You can analyze how the price of a token can be affected by an individual metric or by a combination of factors. For example, if a project has a scarce circulating supply but is in high demand, the price will undoubtedly increase. Alternatively, if the maximum supply is large and the project constantly releases new tokens into circulation, it would counter-act the high demand and limit the price’s upward potential.
The demand side of this formula comes from the users’ side. Demand refers to how many users want to buy the tokens. It’s not directly controlled by the project or part of Tokenomics per se, but it may help you understand the totality of the token price structure. For example, a project can increase its demand by having a problem-solving product, a loyal community, exciting marketing campaigns and by providing other features that increase user-interaction.
Remember, no project is perfect. It requires a holistic approach to research followed by an informed decision. Check out What Token Should I Buy : Basic Crypto Research and Where Does Crypto Get Its Value From? to broaden your research further.
To inflate or deflate? That is the question
A token can be inflationary or deflationary. If the net circulating supply of a token increases over time, the token is inflationary. If it decreases over time, it is deflationary. You can find out if a project is inflationary or deflationary by finding out if the project is producing more tokens than it’s taking away from circulation.
Additionally, if the token has a maximum supply, it becomes deflationary by default. In Decentralized Finance (Defi), tokens are sometimes purposefully designed to be inflationary in order to pay high APYs (annual percentage yields), whilst other projects may strive to make their tokens deflationary.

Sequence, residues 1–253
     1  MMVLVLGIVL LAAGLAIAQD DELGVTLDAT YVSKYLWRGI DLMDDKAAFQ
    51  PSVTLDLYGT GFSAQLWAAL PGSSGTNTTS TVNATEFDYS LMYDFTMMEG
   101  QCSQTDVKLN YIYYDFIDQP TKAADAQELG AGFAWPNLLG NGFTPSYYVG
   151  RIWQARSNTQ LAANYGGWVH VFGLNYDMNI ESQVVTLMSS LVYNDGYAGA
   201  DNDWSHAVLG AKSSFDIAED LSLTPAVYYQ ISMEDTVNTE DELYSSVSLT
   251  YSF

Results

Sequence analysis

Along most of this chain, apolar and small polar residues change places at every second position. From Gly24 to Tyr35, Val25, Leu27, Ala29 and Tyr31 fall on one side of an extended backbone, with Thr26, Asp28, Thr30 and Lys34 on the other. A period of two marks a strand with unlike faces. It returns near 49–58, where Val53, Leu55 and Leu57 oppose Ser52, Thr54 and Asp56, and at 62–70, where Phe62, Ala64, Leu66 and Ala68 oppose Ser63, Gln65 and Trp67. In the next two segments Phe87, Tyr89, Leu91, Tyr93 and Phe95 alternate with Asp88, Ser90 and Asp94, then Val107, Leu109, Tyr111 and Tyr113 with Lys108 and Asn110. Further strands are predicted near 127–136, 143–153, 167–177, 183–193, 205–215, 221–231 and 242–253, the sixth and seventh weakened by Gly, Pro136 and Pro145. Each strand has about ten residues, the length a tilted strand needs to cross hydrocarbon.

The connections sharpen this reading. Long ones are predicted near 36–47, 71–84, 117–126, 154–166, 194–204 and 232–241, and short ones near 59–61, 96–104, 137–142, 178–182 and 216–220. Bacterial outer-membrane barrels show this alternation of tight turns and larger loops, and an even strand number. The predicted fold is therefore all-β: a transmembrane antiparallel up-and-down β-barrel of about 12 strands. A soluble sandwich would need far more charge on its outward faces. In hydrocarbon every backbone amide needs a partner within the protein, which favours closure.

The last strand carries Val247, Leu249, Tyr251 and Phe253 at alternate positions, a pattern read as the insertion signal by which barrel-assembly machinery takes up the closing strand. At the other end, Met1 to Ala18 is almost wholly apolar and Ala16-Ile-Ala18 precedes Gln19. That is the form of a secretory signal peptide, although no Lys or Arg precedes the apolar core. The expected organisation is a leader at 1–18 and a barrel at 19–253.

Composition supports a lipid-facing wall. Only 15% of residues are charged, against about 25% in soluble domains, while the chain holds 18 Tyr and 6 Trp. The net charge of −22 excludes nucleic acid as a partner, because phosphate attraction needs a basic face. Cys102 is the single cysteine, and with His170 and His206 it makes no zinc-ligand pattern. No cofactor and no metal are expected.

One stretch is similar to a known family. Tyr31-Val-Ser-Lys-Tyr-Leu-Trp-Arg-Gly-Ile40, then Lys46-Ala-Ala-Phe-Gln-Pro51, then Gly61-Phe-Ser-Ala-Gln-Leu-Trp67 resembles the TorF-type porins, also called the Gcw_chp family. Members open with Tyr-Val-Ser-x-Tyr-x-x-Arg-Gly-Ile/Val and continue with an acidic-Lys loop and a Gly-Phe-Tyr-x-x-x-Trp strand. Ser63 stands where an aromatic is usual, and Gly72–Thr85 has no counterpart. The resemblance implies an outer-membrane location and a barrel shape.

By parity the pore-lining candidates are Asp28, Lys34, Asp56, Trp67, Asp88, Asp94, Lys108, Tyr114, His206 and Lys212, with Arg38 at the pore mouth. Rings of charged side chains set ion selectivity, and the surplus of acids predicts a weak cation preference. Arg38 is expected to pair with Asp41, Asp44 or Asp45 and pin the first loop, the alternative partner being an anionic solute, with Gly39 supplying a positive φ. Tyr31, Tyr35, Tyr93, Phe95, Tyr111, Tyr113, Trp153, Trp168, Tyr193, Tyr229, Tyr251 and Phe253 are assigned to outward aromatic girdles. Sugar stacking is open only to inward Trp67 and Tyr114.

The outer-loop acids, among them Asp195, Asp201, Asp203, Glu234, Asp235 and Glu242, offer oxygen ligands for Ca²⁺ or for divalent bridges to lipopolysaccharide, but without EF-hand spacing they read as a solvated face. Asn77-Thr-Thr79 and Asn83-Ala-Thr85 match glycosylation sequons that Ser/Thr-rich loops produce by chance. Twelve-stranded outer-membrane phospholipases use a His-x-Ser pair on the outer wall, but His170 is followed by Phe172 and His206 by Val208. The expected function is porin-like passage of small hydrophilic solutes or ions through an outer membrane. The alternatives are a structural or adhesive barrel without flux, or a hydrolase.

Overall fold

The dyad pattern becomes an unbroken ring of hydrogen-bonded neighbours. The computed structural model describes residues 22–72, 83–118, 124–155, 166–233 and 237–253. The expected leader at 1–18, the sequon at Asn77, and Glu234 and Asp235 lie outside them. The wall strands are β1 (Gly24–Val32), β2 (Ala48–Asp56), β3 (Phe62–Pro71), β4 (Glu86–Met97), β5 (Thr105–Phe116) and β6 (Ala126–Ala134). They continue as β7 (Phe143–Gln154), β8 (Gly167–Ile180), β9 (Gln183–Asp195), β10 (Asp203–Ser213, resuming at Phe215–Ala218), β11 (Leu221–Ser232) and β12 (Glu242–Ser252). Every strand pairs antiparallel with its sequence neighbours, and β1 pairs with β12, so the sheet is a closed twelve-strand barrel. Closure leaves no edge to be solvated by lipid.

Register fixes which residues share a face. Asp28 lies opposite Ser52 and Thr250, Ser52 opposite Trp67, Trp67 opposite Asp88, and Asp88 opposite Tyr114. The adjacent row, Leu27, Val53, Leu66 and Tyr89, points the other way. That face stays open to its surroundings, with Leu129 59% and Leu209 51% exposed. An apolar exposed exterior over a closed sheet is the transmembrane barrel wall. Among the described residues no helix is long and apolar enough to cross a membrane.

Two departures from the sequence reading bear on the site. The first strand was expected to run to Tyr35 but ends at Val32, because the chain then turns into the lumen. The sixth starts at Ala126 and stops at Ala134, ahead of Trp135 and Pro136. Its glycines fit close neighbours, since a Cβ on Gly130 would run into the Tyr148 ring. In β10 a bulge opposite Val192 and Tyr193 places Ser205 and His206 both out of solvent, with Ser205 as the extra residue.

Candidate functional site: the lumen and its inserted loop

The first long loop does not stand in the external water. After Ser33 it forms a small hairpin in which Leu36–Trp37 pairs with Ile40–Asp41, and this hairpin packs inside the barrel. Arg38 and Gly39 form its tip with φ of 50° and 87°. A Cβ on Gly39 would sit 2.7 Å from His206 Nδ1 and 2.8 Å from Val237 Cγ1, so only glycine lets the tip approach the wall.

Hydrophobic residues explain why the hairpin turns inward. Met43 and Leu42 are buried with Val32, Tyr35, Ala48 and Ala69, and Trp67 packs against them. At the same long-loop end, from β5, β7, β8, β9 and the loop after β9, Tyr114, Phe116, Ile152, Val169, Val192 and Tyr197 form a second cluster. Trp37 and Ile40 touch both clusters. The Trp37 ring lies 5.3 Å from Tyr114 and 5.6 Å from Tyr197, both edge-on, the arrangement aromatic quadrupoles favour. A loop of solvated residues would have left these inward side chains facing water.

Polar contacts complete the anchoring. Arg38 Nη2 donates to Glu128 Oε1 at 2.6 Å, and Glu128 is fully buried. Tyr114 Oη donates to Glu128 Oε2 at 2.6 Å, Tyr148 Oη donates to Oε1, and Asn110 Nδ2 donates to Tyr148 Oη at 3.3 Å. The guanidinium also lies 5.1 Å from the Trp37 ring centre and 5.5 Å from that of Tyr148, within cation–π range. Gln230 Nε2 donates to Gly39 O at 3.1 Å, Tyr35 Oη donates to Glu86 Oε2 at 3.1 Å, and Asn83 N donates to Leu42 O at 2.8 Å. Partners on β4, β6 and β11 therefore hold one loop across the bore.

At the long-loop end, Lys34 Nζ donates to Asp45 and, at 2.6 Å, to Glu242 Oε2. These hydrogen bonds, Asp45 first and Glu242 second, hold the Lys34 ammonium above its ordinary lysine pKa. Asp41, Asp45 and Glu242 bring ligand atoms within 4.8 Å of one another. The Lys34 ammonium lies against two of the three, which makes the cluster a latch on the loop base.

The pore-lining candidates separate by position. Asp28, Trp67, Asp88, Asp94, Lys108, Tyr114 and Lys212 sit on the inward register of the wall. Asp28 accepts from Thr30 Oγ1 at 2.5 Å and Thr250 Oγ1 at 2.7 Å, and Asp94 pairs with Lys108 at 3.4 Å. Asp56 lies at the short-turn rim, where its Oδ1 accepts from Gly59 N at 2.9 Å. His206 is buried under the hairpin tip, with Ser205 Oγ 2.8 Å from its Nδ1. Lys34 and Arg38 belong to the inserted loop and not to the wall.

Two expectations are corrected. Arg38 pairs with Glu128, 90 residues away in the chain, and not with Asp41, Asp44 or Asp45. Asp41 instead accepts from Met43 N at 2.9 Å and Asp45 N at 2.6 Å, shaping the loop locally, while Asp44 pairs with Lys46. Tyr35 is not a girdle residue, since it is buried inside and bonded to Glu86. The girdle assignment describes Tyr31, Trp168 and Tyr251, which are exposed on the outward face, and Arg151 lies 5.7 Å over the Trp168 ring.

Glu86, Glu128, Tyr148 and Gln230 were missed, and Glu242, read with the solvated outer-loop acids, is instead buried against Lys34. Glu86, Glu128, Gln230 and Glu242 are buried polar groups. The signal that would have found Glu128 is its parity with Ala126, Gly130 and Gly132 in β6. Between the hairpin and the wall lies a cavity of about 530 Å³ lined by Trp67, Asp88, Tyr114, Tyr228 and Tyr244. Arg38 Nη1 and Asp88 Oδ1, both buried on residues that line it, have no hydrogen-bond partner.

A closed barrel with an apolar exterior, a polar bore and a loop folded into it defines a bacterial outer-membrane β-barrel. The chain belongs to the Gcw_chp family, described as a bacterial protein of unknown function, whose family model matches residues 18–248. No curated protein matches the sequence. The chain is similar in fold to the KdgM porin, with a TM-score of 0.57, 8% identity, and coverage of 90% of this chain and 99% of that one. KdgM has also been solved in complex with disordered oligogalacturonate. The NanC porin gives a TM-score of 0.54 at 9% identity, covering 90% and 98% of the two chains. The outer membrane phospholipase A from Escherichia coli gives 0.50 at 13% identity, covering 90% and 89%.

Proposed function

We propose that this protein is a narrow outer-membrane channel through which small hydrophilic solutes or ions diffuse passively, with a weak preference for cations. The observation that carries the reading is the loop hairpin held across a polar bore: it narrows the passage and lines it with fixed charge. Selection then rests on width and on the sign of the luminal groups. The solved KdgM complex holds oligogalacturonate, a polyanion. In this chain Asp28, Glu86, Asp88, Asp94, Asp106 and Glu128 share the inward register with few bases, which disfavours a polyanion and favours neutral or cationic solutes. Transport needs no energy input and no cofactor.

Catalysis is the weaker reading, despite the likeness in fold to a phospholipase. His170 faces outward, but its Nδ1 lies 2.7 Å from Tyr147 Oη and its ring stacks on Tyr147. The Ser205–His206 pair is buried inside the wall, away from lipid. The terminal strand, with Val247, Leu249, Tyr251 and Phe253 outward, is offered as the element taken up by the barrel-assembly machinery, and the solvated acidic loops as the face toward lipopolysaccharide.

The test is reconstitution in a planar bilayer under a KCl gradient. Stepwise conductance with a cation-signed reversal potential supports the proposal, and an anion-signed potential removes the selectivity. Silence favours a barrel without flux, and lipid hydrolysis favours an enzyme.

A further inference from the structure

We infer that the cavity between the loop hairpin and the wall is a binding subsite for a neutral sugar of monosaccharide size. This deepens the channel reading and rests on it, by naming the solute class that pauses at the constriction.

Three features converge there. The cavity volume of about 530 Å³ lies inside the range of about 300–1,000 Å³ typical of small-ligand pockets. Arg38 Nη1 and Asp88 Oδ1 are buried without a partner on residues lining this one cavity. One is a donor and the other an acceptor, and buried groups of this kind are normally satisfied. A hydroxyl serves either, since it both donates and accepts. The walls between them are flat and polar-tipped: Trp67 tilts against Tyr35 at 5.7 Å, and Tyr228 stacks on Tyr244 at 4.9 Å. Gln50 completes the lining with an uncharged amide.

In traditional finance, deflation is considered a bad thing as it means that products are losing their value. However, in crypto, deflation usually means that the underlying token will become more valuable over time.
After grasping the basic economics of a token, you may want to find out how a project distributed its tokens in the first place, who is holding the tokens, and how many are being held. By doing this, you can ensure that the project is not a scam, that it’s fair to the supporters, and that it will have necessary resources for the project’s future development.
Suppose a project allocates a significant number of tokens to founders, team members or early investors upon its launch. This would grant majority control to a small subset of people, meaning that the price of a token could easily be manipulated.
Some projects choose to avoid such allocations in order to maintain a ‘fair launch. However, in practice and over time, it is still possible for a small group of investors to end up with the lion’s share.
Before investing in a token, you should at least consider the following;
- How the initial tokens were distributed, and whom were they distributed to? – Some token distribution strategies are fairer than others – for example, a closed ICO may only allow a close circle of investors to participate in the sale of a token. On the other hand, crypto airdrops distribute tokens to all early contributors and users of the platform, resulting in a wider disbursement of coins – and it’s free!
- What percentage of the total supply is owned by “whales”? – Check if some wallets hold a significant amount of tokens. These whales can easily affect the prices by selling large quantities at a time.
- What happens to the token reserves? – Check if the project has token lock-ups and find out more about them. Look for info related to future project development and future token distribution.